Did you know that a large majority of colleges, especially those here in Missouri, require the MLA documentation style for papers written by the students? Some classes, especially science type classes, may require the APA style, but the differences between MLA and APA are not that great. If your student learns to write and document well using MLA, he or she can easily make the transition to APA style.
Where can you find out how to write an MLA paper? A good book source is Writer’s Inc.: A Student Handbook for Writing and Learning. Even their website in the link here has information on MLA and APA at the top of the page.
You can also google MLA and find several university sites like Purdue’s, The Owl at Purdue , that have great information writing paper using MLA documentation.
Writing is hard when you first start learning the process, but the more your write, the better you get. Have your students write several papers each year starting their freshman year. If you don’t feel qualified to “grade” it, find a college student who has recently taken their freshman writing courses and made good grades. Let them mark up the paper for accuracy, grammar, even checking their thesis statements.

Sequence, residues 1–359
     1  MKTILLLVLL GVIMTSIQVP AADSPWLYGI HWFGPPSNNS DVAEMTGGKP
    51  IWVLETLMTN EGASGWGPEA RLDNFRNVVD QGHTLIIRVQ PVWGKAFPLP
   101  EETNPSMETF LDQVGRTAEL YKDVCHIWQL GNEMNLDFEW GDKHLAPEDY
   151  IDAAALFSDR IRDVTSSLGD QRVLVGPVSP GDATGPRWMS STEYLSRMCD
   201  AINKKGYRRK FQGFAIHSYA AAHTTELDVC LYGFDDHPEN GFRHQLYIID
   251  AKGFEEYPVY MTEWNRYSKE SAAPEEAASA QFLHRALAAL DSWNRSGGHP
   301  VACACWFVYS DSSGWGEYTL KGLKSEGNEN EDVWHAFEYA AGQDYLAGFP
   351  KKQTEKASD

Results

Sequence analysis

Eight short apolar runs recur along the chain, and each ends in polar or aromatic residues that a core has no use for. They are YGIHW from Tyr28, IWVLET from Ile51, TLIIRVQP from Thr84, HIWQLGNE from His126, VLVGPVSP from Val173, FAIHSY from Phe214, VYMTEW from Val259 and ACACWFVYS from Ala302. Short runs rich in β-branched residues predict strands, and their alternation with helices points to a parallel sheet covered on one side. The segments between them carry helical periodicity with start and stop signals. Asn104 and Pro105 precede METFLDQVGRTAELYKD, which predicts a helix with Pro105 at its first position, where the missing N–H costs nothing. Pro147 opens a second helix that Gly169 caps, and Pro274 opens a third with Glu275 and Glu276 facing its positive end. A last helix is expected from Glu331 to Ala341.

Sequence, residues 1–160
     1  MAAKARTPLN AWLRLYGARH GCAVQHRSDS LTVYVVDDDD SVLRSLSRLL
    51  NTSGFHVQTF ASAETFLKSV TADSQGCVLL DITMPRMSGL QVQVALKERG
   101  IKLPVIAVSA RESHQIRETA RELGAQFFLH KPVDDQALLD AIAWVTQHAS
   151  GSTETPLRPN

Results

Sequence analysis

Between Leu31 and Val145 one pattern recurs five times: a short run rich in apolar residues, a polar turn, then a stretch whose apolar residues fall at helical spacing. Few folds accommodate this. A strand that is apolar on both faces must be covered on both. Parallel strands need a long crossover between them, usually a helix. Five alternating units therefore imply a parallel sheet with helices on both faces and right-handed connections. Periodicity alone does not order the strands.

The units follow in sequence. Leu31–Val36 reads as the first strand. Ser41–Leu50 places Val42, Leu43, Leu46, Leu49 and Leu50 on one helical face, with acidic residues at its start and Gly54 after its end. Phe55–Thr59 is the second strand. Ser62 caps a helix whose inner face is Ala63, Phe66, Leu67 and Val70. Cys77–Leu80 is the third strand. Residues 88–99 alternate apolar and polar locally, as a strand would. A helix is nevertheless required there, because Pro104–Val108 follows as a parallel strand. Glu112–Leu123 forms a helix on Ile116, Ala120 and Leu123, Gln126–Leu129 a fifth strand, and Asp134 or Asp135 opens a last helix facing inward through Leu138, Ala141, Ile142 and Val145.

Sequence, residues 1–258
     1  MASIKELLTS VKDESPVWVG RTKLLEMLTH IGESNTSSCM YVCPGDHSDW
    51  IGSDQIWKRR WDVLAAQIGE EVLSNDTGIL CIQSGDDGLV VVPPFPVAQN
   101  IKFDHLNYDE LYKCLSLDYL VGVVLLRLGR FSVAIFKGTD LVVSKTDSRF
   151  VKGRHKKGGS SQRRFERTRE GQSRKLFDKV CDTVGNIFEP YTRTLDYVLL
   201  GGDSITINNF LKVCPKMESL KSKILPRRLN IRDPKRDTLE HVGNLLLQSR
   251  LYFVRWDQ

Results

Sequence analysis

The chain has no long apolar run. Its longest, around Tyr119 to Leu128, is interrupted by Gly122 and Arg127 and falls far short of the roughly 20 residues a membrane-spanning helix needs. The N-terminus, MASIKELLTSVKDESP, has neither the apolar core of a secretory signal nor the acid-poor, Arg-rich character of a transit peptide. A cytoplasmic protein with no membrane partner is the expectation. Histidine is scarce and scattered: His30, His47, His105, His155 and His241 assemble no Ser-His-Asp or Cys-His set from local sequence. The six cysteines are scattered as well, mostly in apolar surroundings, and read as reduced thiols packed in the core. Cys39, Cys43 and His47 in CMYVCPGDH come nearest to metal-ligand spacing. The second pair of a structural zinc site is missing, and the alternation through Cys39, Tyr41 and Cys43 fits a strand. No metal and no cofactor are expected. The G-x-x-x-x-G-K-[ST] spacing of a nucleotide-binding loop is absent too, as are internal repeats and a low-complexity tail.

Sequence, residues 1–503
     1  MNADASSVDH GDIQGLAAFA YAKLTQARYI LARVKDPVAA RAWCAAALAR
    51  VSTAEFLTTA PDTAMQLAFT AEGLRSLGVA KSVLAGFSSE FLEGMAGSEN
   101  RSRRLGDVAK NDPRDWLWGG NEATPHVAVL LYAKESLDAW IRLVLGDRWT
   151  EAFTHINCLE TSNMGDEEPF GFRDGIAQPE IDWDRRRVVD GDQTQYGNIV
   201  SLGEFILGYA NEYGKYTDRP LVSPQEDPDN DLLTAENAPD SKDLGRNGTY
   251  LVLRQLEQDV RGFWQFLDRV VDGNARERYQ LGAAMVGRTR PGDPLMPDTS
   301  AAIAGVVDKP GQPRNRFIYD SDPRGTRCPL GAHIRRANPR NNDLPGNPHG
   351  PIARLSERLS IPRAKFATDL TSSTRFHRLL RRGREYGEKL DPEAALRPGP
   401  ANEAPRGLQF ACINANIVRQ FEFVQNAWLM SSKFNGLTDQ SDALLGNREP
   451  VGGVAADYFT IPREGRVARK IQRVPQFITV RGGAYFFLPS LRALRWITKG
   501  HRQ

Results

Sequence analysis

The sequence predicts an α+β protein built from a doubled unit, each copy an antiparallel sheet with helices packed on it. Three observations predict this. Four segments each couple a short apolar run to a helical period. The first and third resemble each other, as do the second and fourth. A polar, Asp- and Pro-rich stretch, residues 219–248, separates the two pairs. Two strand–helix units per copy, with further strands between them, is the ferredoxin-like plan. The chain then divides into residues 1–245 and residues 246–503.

People usually say that you should choose a curriculum based on your child’s learning style, but you should also take into consideration your own learning style. You will be a more successful and enthusiastic teacher using curriculum that appeals to you. If you like traditional book curriculum but have a hands on student, adapt the traditional curriculum to fit your child. Have him or her use manipulatives like Cuisenaire rods while doing his math workbook, or have her do the experiments in the science textbook, don’t just read about it, or read literature books aloud for your child who is an auditory learner.
By using the same curriculum for all your children, you will also save money and time. If you buy more than one type of curriculum, your preparation time will increase. However, after using a math program for your oldest child, when the next child begins using the same program in a couple of years, you will teach with more confidence because you are familiar with it and will even be more skilled in adapting it to fit his or her learning style.
You need to remember that you are part of the school too, not just your children, and that by maintaining flexibility even in the way you use your curriculum, you can meet everyone’s needs.